Self-education went beyond solitary reading. For many, literary societies — called “the literary” — marked the highlight of intellectual and social life, as young men and women gathered at night to debate, mingle and flirt. One young woman surveyed her entertainment options in rural Kansas and concluded: “We just have the jolliest, best times at the Literary.”

The literary taught countless young people the skills of public speaking, playing upon the view of America as “a nation of speechifiers.” Orating became a sign of citizenship: During the Reconstruction young black men eagerly launched a “speechmaking mania” across the South.

And despite the bookish title, literary societies appealed to rowdy young people. One young debater in Iowa winced, recalling the “pretty rough company” at the literary, who could make things “decidedly uncomfortable for me.”

Argument drove these clubs. Young people would kick around a controversial issue of the day. One common prompt (in the North) was, “Who has more cause for complaint, Negroes or Indians?” Others debated women’s rights, alcohol or the value of travel.

Often, the issue was immaterial. What mattered was the sensation of gathering with a dozen like-minded 16-year-olds, as someone hollered, and lamplight flickered, and everyone present felt that they were, somehow, preparing to go ahead in life.

After 1900, public schools proliferated and child labor dwindled, pushing up graduation rates and making schools truly systematic. This more structured style reduced individual drive, but offered an accessible, mass system that impressively bridged class divisions.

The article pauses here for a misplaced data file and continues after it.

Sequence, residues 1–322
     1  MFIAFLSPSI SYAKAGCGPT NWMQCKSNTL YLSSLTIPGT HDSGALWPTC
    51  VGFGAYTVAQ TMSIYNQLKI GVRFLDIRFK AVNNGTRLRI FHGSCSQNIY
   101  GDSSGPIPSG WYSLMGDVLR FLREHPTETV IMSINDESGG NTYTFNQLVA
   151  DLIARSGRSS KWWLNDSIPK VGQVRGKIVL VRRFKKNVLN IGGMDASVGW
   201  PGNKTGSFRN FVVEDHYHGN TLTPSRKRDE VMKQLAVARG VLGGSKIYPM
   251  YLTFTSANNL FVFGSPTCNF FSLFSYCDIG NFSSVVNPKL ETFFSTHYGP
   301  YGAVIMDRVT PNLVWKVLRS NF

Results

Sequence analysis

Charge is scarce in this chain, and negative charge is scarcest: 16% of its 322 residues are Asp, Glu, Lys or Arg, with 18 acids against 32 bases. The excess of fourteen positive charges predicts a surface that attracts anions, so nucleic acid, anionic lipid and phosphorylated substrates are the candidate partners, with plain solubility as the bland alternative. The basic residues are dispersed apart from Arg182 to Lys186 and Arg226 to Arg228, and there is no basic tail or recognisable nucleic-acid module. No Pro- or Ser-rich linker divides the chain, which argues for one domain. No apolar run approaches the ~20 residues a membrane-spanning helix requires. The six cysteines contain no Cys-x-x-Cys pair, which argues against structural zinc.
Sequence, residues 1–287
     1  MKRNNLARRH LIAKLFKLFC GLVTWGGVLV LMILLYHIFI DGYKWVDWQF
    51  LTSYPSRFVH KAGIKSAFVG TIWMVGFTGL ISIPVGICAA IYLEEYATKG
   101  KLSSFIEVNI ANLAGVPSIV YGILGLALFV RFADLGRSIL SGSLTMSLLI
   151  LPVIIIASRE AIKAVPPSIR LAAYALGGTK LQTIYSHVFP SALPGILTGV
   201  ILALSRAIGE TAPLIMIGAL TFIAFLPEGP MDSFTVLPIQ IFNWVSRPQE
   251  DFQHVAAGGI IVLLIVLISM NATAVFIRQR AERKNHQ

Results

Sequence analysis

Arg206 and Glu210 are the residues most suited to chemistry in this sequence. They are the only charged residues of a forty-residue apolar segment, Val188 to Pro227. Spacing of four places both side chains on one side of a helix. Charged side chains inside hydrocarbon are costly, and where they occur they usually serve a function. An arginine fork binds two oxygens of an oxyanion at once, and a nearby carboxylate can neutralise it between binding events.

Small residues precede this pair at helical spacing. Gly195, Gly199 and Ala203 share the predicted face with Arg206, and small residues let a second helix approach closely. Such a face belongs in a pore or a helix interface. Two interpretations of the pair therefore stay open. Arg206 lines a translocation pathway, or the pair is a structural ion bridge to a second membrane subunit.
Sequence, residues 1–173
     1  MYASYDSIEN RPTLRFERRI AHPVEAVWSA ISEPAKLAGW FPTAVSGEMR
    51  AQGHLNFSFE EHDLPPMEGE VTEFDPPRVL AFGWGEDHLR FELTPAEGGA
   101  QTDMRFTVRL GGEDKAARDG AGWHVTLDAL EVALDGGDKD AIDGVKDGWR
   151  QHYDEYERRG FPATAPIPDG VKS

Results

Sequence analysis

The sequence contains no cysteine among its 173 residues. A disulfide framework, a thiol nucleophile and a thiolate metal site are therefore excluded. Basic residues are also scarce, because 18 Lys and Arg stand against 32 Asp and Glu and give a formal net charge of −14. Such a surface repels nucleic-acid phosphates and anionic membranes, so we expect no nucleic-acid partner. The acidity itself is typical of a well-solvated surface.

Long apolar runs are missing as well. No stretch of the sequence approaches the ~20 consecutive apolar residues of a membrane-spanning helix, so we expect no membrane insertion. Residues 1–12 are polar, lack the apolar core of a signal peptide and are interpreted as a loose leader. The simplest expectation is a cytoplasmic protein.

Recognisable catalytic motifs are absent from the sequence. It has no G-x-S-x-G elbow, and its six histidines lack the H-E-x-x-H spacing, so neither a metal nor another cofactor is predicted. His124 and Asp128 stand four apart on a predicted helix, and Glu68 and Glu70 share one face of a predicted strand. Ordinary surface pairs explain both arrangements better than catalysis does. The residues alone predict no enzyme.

Most of all, it provided a clear route from ages 5 to 18. Well over a century later, we have no sense of how truly pathless life felt before our educational system — and how that uncertainty often inspired young people to set off on their own.

So how do we reintroduce some of that lost verve today? The short, not particularly helpful answer is that we don’t: Independent learning must be arrived at independently. The best we can do is offer young people the tools, the time and the knowledge that education can take place outside of the system. There are, of course, hundreds of schools and thousands of teachers working toward this goal. Past generations of 16-year-olds would approve.

Technology certainly helps. Just as the Internet has opened doors for a generation of young learners, cheap printing presses allowed 19th-century young people to start their own newspapers, packed with essays, jokes and articles assessing the state of “the ’dom” (a common 19th-century slang term for their world of “amateurdom”).

More than any specific device, what shapes young people’s involvement — for the boyish newsmen of the 1870s or the armies of young bloggers in 2015 — is the sense that one’s opinion carries as much weight as a teacher’s or an author’s.

Perhaps the literary offers the best lesson for modern self-educators. For all its shortcomings, 19th-century self-education taught young Americans to openly engage with the conflicts of life, to debate and argue, not to rely on adults to shape their futures. Every step of the modern school system discourages this contrarian individualism.

Hopefully, we can learn to combine the 19th century’s opinionated go-aheadism with the 20th century’s structure, to offer young people an independent but stable path in the 21st century. Maybe it starts during this long, lazy summer vacation.

(Jon Grinspan is a curator and fellow at the National Museum of American History and the author of a forthcoming book on young people’s contributions to 19th-century American democracy.)